Get your expensive lenses and tripods ready – or a mobile if you fancy – for some spectacular views of Northern Ireland, the small six-county region sitting in the north-east of Ireland. The variety of sights, from coastal caves to rolling hills of green, is a great incentive for any photographer; you’ll be surprised at the panoramic shots you can take in this idyllic countryside.
At the top of Cave Hill, you can find the famous Belfast Castle estate, but if you turn to the hill’s edge, you can take in an even greater view of Belfast city, including the Titanic docks and harbour. Belfast Lough, City Centre and the famous Samson & Goliath cranes are all visible from this scenic post; therefore, you can get the best of the city and the country in one photo.
Glenelly Valley, The Sperrins
The wonderful Glenelly Valley (Gleann Eallaigh in Irish Gaelic, meaning a sheltered place to graze the cattle) rests both in County Derry and County Tyronem in The Sperrins. This mountain range was formally named in National Geographic: The World’s Most Scenic Drives: 101 Spectacular Trips 2012 for the striking colour and bridges that mark Northern Ireland’s western region.
While it may be an obvious choice, it’s never a sight to miss, and the Giant’s Causeway coastal basalt rocks make for one stunning panoramic shot. While most people will put the beautiful basalt rocks into their photo, turn around and capture the overlooking cliff, which forms a perfect point over the causeway, for an extra special photograph. Be sure to capture The Giant’s Boot (an oddly shaped rock famously resembling a giant boot) along the shore!
Giant’s Causeway, 44 Causeway Rd, Bushmills, Northern Ireland, UK, +44 28 2073 1855
County Down has some spectacular scenes, including the harbour town of Donaghadee, which has the perfect view of a lighthouse and pier for your panoramic shots. The quay originally guided ships from the Scottish neighbours north of the coast. Today, the views are just as spectacular – you might even get some perfect photos of the wildlife in the Copeland Bird Observatory, situated on one of the three Islands off Donaghadee that are visible from the pier.
You can get the best photographs of the Mourne Mountains by taking the Central Mourne hiking route from Carricklittle – a 9.9-mile walk (approximately 16 kilometres) through Northern Ireland’s grand mountain range. On the trail, you’ll witness views of Annalong Wood, Ben Crom Reservoir and Cove Mountain – vistas best captured in the early summer months from June–July. It’s a wonderful place to capture some of the tallest points in Northern Ireland, with views of the Isle of Man next door.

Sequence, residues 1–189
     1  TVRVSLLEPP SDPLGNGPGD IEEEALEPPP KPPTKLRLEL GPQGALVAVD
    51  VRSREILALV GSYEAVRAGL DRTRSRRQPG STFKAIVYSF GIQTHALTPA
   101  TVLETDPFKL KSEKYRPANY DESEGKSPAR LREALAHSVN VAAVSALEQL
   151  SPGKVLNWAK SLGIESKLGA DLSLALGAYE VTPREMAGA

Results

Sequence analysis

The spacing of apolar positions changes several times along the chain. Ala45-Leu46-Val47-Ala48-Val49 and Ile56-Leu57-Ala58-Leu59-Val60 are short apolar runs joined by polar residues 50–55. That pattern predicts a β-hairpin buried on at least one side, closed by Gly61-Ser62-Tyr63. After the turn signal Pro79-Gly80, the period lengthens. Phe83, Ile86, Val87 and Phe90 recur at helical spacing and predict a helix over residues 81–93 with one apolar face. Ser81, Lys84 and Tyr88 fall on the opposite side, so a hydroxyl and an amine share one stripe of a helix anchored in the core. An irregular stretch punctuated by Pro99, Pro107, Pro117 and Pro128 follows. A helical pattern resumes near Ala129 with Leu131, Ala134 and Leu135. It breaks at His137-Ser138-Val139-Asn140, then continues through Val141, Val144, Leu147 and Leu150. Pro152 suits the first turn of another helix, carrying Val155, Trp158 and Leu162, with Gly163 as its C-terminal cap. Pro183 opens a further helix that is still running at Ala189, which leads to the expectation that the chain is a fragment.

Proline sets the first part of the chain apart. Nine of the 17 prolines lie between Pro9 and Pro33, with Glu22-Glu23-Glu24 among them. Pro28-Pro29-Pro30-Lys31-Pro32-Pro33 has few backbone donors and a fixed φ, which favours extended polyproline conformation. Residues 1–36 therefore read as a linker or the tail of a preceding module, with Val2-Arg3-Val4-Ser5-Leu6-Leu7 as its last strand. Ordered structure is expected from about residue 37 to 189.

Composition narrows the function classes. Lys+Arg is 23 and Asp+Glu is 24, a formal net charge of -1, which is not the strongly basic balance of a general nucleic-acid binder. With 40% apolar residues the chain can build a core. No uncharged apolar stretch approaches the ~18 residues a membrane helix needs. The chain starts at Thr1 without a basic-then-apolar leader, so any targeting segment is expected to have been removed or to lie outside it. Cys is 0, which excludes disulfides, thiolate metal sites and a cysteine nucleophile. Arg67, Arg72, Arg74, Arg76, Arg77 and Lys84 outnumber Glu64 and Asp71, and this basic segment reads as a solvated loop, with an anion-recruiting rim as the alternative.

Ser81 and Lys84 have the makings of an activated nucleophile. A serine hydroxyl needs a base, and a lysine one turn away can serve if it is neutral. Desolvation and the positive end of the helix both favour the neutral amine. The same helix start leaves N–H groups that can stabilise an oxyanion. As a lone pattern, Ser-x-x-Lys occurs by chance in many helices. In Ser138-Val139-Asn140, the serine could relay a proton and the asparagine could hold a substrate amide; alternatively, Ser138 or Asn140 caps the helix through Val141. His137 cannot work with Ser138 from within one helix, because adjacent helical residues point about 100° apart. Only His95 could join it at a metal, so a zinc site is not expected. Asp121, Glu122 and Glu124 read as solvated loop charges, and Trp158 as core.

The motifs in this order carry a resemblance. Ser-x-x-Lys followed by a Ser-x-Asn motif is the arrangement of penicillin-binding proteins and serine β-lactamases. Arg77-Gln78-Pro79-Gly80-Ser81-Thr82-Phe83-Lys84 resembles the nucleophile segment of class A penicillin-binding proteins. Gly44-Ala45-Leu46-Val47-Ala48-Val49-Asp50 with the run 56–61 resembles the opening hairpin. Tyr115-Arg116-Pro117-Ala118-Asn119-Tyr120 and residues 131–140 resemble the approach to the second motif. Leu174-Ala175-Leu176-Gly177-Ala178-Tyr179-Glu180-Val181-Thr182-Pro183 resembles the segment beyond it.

This pair of lakes that flow into one another in County Fermanagh are a beautiful place to take a panoramic shot of the north, part of the River Erne that precedes the Atlantic ocean. An archipelago of islands exists in this countryside lake, along with the famous Crom Estate, pictured below. It’s one of the most popular sites for pano shots in Europe, attracting photographers from all around the world – even NASA’s Space Station.
Strabane is full of wonderful opportunities for panoramic shots – which includes the River Foyle, a 129-kilometre (80.2-mile) body of water that touches The Sperrins in the distance. The river is home to a large Atlantic salmon population, one of the largest in Europe, which draws in significant funds for preservation and maintenance. This river is beautiful all year long, with incredible views of the frosted trees during the winter months, November to February.
Murlough Beach, Newcastle
In a world where we see too many panoramic shots of exotic beaches across the world – what makes Murlough Beach stand out? For one, your photograph will capture Slieve Donard in the background, the highest peak in the Mourne Mountains range. It’s also a National Trust nature reserve with 697 acres of sandy dunes and 23 species of butterflies, including the rare species, marsh fritillary. You should check out the north and south end nature trails too, which you can find routes for here.
Silent Valley, Mourne Mountains
When you enter Silent Valley, your surroundings might look like those found in Canada or New Zealand. Originally built as a local water supply, the Silent Valley Reservoir has become a valued walking trail through the Mournes; circled by the mountains, it offers the best panoramic opportunity in the entire region. If you plan on walking the short two-mile (3.2-kilometre) trail, the entrance is situated in County Down, and you’ll have full use of the Visitor Centre and restaurant. You can find the entry route here.